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The First-Year Experience Cookbook – Books / Professional Development – Books for Academic Librarians – New Products – ALA Store


FYE Snippet from ALA:

First-year students face many challenges in adjusting to university life, including making the most of the university library. Librarians are constantly addressing student misconceptions about libraries and locating information, and have been working hard to reach first-year students and create high-impact practices in student retention. The First-Year Experience Cookbook provides librarians with a series of innovative approaches to teaching and assessing information literacy skills during a student’s first year.

Featuring four chapters—Library Orientation, Library Instruction, Programs, and Assessment—and more than 60 practical, easy-to-implement recipes, this book compiles lessons and techniques for you to adapt, repurpose, and implement in your libraries. This Cookbook is essential for all academic and school librarians looking for ideas on how to infuse the ACRL Framework for Information Literacy for Higher Education in their first-year courses and instruction; design and assess effective services and programs, and engage and retain students.

Source: The First-Year Experience Cookbook – Books / Professional Development – Books for Academic Librarians – New Products – ALA Store

Summer Reading Boosts: Sharing some secrets leads to more people visiting our libraries; or does it?

July 4, 2017

Read on as Webmastergirl gives us the scoop on gaining an updated lens of social media hooks to commercialize the library we once knew. Share your thoughts on this or any other article. Comments are always welcome here.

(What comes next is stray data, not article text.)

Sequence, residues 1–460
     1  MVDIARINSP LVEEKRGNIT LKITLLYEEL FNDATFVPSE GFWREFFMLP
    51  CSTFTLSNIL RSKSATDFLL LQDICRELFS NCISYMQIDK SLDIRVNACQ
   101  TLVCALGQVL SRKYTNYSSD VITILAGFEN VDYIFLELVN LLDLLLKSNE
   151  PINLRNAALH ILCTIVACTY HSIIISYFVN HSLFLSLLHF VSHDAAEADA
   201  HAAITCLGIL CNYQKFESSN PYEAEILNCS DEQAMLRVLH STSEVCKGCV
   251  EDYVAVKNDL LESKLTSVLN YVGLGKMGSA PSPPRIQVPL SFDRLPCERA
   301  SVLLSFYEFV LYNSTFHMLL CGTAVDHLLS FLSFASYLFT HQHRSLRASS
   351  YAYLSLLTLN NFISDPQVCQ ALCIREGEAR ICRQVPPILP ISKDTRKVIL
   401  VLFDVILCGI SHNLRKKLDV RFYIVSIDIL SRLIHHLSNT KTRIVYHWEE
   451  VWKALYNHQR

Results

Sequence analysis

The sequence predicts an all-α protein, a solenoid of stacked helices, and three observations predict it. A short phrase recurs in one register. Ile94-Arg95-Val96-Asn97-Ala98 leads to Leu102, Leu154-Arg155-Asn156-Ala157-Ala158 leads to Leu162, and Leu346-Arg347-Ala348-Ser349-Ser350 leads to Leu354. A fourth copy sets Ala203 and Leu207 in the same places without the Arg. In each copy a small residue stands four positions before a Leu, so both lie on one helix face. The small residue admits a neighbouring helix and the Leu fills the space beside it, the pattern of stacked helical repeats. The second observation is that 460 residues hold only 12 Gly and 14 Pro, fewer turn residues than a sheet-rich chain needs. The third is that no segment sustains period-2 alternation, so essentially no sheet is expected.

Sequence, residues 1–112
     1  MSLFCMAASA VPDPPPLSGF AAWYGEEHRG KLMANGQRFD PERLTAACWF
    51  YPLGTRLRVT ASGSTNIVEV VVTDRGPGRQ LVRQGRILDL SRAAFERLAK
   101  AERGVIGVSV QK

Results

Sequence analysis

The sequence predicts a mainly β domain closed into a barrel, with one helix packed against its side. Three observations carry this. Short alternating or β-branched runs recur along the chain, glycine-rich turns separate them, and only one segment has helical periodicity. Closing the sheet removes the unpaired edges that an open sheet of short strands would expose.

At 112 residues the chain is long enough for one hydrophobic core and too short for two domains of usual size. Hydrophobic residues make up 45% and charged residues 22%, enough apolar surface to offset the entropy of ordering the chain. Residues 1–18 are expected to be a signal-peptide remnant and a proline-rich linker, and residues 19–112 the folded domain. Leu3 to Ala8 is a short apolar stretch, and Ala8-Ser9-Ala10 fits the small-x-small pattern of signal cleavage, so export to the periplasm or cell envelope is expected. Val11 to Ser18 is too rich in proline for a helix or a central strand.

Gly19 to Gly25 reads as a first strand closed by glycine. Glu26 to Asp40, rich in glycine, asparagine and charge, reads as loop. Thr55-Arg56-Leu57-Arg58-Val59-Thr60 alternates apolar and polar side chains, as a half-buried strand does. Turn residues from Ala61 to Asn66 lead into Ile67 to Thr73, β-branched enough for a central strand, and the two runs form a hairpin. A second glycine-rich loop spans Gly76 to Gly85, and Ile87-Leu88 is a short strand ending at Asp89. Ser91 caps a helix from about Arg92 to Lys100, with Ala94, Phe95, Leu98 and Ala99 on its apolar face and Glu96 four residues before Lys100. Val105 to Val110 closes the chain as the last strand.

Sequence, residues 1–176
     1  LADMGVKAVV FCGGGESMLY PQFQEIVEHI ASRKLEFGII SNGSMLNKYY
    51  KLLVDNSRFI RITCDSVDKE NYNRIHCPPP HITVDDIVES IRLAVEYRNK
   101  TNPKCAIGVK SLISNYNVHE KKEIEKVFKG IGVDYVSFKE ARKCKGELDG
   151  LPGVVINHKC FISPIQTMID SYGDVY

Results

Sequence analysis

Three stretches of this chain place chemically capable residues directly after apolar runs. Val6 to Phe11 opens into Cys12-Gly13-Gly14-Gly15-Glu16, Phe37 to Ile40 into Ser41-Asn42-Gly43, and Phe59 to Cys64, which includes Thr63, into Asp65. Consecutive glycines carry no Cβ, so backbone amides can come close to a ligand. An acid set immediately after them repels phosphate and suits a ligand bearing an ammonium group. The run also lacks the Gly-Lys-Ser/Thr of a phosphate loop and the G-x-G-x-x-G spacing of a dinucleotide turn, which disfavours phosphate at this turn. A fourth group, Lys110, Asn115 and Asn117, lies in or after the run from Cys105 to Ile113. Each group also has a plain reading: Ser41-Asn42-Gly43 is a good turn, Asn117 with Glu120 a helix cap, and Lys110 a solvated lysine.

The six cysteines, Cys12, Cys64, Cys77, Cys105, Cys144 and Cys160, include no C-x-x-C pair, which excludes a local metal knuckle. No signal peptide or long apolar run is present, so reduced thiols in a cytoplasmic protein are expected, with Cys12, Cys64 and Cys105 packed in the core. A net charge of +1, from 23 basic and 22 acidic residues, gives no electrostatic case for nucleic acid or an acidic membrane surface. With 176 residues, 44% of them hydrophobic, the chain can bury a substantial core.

Excerpt below:

Tell me something… I’m about to tell you something you already know. Those big library events, like Summer Reading, are hard to promote. Every library has at least two of these high-stakes events each year. Libraries spend a significant portion of their budget on the pieces of those big programs. They come with high expectations and goals. They require […]


Webmastergirl. (2017). Three Secrets To Reach a New Audience For Your Library — Super Library Marketing! Great marketing ideas for libraries everywhere.

 Is DL now the new IL?

March 31, 2017



Digital Literacy

Image courtesy of GI


You might be familiar with information literacy (IL) but what about digital literacy (DL)? LIS professionals understand, information comes in various formats today from physical/print to electronic/digital, and more recently virtually (more about virtual literacy (VL) as the trend develops). In the higher education (HE) realm, digital literacy needs a little extra TLC it seems.  As “cultivating digital literacy was reported to be one of the six notable challenges impeding the use of technology in higher education for this calendar year (Elemes, 2017) (XBrownClark, 2017).” The blended LIS professional of today has a new hat to wear, now adding digital literacy as an expansion of information literacy. If you are interested in this topic read more below. And as always — comments are welcome.


XBrownClark. (2017) Developing Digital Literacy: Supporting technology-enhanced learning in higher education